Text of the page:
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Deliberation Day: A New Answer To A Ancient Question.

Matthew Klammer

Deliberation day is both the name of a article and a holiday that Ackerman and Fishkin propose to answer the issue of a under-informed voter in a democratic society. Plato spoke a great deal about this issue, but would be unlikely to have supported it, due to critical flaws regarding the nature of education the individual citizen might expect to receive at such a event. It is my belief that such a meeting would quickly turn into a staging ground for the same type of base pandering and corruption that Plato warns about, and would therefor be a bad idea in execution.

Ackerman and Fishkin solution is simple in its concept, bring voters together to exchange ideas and inform themselves about the major issues in the election. In theory it makes for a good answer by informing voters they hope to provide a answer to one of Platos foremost issues with democracy, that the average citizen is poorly educated and not inclined to educate themselves. He feels they will tend toward the easier option of casting there vote for the politician that appeals to their base needs the most.

During this deliberation day, registered voters would be made to attend small meetings among there peers prior to major elections. During this time, individuals would discuss issues

important to that election. By doing so they would gain a wider prospective one the issues and be more mindful of the needs of others in their community. This would make them better voters, leading to significantly improved leaders.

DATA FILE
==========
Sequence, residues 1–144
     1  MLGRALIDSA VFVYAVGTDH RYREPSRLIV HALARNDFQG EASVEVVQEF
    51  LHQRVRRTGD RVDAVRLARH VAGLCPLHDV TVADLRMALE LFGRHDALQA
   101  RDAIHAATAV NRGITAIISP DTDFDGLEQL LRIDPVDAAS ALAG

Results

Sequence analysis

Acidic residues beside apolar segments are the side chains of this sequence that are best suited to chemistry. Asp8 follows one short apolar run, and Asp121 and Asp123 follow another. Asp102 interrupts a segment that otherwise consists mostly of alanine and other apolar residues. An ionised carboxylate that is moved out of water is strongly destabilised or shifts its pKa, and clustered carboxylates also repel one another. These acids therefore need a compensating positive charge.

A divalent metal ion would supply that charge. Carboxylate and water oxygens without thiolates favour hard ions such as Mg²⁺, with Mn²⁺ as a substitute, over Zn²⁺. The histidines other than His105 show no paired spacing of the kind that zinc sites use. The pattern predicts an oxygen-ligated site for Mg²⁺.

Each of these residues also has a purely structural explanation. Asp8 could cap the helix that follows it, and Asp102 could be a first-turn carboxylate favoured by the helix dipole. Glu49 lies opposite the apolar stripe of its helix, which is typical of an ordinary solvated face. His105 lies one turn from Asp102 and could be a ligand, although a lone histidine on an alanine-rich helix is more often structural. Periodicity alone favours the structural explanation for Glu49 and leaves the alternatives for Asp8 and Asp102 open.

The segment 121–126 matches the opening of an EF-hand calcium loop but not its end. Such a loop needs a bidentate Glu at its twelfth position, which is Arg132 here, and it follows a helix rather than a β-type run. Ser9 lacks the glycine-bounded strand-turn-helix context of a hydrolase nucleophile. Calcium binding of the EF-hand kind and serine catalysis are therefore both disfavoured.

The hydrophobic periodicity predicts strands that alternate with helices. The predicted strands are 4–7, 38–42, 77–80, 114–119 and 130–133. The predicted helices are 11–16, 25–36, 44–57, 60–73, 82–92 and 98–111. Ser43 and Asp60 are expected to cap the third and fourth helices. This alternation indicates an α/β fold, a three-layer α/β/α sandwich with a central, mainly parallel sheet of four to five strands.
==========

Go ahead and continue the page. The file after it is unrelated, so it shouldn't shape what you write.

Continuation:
Plato listed many reasons in his arguments against democracy. Among these where a under educated population, the selfish nature of the citizen, the corruption and ineptitude of politicians, and the ability of the majority to crush and silence one brilliant individual. While Plato would likely be open to, or in favor of, more education for the masses, I doubt that he would view deliberation day as such. Plato would be quick to point out many critical flaws. most glaring among these is the nature of the political system as he sees it. Plato belied that politicians in a democratic society where more interested in reelection than properly leading. They would see this kind of gathering as another way to influence the masses, rather than a chance to produce a better voter. The political machine would absorb this event too, and create another situation in which one good voter that be made to vote differently due to the peer pressure imposed by his fellow voters.

The views of Plato, Ackerman, and Fishkin all share one critical flaw. They depend on a fallible and illogical creature known as humans. Ackerman and Fishkin attempt to solve one problem raised by Plato, but leave other standing. Platos alternative government is in essence a state with lessened human impact on governance. At almost every point Plato erects rules to attempt to control the actions and lifestyles of his citizens. This form of government shows that Plato wants to minimize peoples freedom to destroy themselves.